Door of Faith (Porta Fidei). I wrote on 8 September about Doorways. Well, faith is the doorway through which we enter the life of the Church, the opening to an experience that leads from death to eternal life. In a very real sense, the symbol and model of this "saving faith" is the Blessed Virgin Mary, as this image painted on the two halves of a door in an Italian church suggests. Mary is, according to one of her titles in the Litany of Loreto, the GATE OF HEAVEN. Here is an image of the Annunciation, the moment when the angel appears to her and she accepts his word in faith that she will be the Mother of God's Son – and thus the cause of our salvation, being the way the fullness of divine grace enters the world. She conceives the Word in her womb by accepting the word in her heart.
Even her name is a doorway. In the Jesus Prayer, and whenever we use the Holy Name of Jesus, our attention is drawn to him who is both God and Man. When we use the Holy Name of Mary, for example in the Hail Mary or the Miraculous Medal prayer, we turn our minds from the world to its central point where the Lord enters in, which is the Virgin herself. In the first half of the Hail Mary, which repeats the words of the angel, we adopt the contemplative attitude of the angel as he gazes at the Seat of Wisdom, and in the second half, which repeats the words of Elizabeth, we invoke the prayers of the Mother of God, so that her prayer in a sense will flow around and into us "now and at the hour of our death". St Louis de Montfort calls the Hail Mary "a heavenly dew which waters the earth of our soul and makes it bear its fruit in due season." It causes the Word of God to take root in our soul as it did in Mary's, because it opens us in faith to receive the divine gift.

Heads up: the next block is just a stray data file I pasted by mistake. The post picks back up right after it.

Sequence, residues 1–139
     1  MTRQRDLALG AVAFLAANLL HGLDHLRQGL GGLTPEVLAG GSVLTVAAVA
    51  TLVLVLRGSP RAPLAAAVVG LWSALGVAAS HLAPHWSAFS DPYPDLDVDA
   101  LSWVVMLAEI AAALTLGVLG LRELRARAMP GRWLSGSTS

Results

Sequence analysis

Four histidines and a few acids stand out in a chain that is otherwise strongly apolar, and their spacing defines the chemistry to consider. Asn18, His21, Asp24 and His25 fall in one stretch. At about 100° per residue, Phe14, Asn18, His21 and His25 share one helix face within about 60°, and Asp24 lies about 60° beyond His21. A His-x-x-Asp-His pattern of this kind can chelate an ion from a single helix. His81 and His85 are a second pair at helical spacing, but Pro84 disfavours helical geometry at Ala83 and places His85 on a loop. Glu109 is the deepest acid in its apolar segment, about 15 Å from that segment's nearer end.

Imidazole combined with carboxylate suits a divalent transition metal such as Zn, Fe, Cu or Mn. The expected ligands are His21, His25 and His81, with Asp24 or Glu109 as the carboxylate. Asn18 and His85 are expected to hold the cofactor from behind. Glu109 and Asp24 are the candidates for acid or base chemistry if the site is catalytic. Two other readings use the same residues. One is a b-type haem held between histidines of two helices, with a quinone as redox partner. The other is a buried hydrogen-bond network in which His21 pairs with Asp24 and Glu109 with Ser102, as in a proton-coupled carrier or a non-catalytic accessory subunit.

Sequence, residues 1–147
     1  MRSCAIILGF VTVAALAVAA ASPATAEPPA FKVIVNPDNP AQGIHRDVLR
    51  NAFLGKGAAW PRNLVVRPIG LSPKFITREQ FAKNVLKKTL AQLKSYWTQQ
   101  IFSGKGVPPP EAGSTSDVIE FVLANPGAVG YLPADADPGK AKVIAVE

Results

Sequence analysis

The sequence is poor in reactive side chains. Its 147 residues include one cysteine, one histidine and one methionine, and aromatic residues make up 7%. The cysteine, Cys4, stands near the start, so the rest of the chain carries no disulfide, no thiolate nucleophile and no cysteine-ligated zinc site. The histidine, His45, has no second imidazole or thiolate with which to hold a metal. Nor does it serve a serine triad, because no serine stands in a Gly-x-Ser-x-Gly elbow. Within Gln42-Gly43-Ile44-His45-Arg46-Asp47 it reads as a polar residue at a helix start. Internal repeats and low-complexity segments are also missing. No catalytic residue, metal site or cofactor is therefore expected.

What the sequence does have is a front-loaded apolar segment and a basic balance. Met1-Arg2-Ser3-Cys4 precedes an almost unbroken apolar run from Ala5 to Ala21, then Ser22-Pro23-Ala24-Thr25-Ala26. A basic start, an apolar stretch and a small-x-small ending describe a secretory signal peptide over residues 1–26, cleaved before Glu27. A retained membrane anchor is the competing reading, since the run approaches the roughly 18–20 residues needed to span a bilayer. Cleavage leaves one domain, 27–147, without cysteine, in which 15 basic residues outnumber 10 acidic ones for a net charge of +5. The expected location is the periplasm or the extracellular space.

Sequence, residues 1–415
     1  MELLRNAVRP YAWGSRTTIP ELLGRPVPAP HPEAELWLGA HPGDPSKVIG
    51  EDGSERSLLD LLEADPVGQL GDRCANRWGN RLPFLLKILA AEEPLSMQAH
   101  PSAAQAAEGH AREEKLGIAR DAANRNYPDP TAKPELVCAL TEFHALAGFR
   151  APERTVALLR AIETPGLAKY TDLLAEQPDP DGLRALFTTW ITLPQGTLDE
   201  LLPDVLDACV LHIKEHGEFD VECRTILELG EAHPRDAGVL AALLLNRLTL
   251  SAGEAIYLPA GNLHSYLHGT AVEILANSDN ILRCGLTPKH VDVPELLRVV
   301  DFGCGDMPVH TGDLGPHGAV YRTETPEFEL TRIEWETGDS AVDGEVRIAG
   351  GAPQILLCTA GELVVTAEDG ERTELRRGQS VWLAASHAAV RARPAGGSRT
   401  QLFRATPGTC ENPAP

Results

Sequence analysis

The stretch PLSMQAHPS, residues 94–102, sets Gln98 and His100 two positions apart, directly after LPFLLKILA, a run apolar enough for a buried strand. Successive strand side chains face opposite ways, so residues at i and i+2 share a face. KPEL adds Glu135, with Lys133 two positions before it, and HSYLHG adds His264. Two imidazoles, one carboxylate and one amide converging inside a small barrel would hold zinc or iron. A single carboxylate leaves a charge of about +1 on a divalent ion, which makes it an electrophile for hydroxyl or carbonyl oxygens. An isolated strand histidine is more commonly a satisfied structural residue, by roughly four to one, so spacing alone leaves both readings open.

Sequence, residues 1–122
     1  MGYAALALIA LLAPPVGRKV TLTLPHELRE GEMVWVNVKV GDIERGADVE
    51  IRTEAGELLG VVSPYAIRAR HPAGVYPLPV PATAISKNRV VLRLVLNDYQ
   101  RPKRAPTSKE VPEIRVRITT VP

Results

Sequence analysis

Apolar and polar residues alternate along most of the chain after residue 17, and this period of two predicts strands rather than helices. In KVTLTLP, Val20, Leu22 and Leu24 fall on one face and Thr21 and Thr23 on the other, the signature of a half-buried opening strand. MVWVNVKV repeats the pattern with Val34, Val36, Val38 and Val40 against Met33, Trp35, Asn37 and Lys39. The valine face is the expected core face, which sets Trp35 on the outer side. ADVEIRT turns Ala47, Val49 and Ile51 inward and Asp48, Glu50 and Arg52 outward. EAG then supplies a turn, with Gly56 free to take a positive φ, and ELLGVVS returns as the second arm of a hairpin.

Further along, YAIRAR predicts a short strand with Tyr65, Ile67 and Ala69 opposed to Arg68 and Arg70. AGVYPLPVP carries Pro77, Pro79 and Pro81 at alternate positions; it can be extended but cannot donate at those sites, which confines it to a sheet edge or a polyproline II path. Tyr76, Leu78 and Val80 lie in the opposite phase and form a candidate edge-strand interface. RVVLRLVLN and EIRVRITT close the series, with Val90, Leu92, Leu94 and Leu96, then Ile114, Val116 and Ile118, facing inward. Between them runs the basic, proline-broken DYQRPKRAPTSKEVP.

Magnificat Year of Faith Companion, which as you might expect if you already know MAGNIFICAT contains an incredible feast of spiritual readings for each day, prayers and devotions, and essays by a range of the very best writers and teachers, old and new (over 400 pocket-sized pages, beautifully bound). The Companion can be read on its own, or used as a supplement to the monthly Magnificat you may already subscribe to or see in church.